Photograph by Michael Amsler
Array: Hot Peppers member Sarah Solomon displays some of the guild's many wares.
Some favorite picks for supporting the collective with the wallet
By Molly Jackel
Hot Peppers is an appropriate name for a sweet little shop in downtown Sebastopol. The name of the game at this cooperative artisan guild is variety. And variety is what? Yes, it's the spice of life. The shop opened in September 2006 on Main Street, and is a cooperative of about 20 local artisans.
The cooperative came together through the efforts of Paula Downing, the manager of the Sebastopol farmers market. The original 17 members were all vendors at the farmers market. Downing noticed when the storefront came open, saw that the rent was reasonable and quickly mobilized. She explained that craft shows, often the bread and butter for a craftsperson, are hard to get into and they've gotten so large, that the pie is divided into pieces too small to make much of a profit. She contacted the vendors she had been working with at the market over the last decade--a group she enjoys spending time with anyway--to see whether they'd be game for a regular place to show their handiwork. Almost everyone agreed to join.
The way it works is this: Everyone pays monthly dues that cover the rent and operating expenses. It's not a strict co-op in that not everyone works the store, but those who do are paid for their time out of the dues. While they mind the store, the artists have time to work on their craft. The shopkeeper might be sewing, beading or even spinning wool while you browse. The store does carry a few things that are not locally crafted, like straw baskets and hats handmade in a village in Burkina Faso. But these items are imported by someone who once lived in the village where the baskets are made and who knows that the conditions are ethical and fair. Issues of fair trade and the jurying in of new artisans are handled by a committee of members. The shop will also periodically hold free art events, like wool-spinning demonstrations.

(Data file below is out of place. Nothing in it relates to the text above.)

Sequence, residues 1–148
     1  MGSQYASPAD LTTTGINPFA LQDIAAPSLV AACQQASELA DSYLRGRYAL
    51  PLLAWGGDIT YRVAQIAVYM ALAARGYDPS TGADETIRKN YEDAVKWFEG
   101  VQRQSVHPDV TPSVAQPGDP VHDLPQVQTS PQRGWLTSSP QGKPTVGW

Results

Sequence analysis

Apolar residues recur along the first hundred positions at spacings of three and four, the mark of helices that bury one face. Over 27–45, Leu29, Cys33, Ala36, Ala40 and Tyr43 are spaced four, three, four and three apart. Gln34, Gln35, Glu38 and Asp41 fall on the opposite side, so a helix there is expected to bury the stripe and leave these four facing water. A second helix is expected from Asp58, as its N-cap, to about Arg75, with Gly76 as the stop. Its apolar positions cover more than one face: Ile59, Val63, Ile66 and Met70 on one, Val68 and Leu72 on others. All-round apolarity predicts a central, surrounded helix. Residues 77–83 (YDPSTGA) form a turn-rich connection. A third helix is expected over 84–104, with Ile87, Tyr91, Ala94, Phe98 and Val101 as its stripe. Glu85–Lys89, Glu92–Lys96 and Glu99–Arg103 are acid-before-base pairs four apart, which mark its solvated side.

Downing's involvement with the Sebastopol farmers market began when she grew plants to sell there. At the end of one season, about 13 years ago, the folks who were running it moved away and the market collapsed. Downing couldn't stand the idea of the market dying, so she called a meeting at her house, organized the people involved and so revitalized the market. Downing says, "I'm fond of the feeling I get when I create something vibrant with other people," and so, too, it seems are the townspeople at the beloved Sebastopol farmers market.